This elegantly decorative Victorian ring has an unusual shield shape design, set with a rose cut diamond, pearls and black enamel. The intricate scrolling shoulders are ornately decorated in Champlevé enamel with a floral and foliate pattern extending around the back of the band. Hallmarked, with date letter for 1841.
- Full English hallmarks for 18ct gold, with city arms for London, duty mark and date letter for 1841.
- UK ring size P½, US ring size 8
- Weight 3.7g
- In excellent condition for its age. The enamel around the pearls is intact, with some losses to the enamel around the shoulders, but is no longer present around the back of the band where the engraved decoration remains.
- Free shipping worldwide and returnable for a full refund – see policy.
- Layaway available - reserve with a 30% deposit and pay in instalments. Please enquire for further details.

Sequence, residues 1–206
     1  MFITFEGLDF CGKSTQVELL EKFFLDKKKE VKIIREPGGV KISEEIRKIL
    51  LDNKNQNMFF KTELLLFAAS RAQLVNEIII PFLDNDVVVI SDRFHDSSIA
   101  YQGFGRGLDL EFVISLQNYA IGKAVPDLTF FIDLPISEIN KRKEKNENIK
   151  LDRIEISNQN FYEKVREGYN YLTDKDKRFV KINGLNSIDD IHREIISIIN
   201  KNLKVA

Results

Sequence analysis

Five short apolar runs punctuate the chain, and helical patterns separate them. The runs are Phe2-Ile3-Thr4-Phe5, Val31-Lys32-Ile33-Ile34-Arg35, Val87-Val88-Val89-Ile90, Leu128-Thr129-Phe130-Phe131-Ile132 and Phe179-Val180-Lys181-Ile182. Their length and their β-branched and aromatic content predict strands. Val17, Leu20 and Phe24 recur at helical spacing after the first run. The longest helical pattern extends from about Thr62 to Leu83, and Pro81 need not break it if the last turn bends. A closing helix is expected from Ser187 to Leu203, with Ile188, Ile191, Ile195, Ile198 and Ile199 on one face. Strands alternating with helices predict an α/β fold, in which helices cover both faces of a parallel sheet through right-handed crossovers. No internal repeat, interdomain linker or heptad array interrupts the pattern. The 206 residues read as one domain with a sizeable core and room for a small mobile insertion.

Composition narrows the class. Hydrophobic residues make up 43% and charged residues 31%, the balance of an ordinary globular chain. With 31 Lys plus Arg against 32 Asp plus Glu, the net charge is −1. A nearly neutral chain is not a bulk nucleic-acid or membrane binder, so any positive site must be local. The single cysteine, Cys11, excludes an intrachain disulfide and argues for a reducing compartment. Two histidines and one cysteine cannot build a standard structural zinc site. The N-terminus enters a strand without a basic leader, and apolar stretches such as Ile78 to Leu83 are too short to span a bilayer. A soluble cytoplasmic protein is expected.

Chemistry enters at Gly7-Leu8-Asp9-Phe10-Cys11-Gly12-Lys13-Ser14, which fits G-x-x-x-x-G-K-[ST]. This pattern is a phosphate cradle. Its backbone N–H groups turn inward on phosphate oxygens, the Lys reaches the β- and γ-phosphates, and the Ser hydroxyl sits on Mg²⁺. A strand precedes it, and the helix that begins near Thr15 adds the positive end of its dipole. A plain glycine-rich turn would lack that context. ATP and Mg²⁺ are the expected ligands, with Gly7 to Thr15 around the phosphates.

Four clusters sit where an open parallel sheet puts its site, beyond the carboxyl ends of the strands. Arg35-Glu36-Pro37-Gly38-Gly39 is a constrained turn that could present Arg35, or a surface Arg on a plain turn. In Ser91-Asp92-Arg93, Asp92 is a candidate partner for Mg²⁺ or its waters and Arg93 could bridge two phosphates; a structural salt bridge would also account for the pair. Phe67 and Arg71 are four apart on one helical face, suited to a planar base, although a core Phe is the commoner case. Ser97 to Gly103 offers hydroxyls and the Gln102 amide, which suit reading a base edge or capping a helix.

This ring was made in the early 19th century, during the Victorian era. The presence of black enamel and pearls indicates that this is likely to have been made as a mourning ring, although there is no inscription for a particular person. During the reign of Queen Victoria, it was customary to follow a strict code of mourning, with the wearing of jewellery restricted to certain colours and materials. Rings often featured pearls to represent the tears of the mourner, though they also symbolised purity and beauty. Champlevé enamel is achieved by cutting back the area of background and filling it with the enamel, so that a design in gold is level with the finished surface. This shows the high quality and craftsmanship seen in jewellery of this period.
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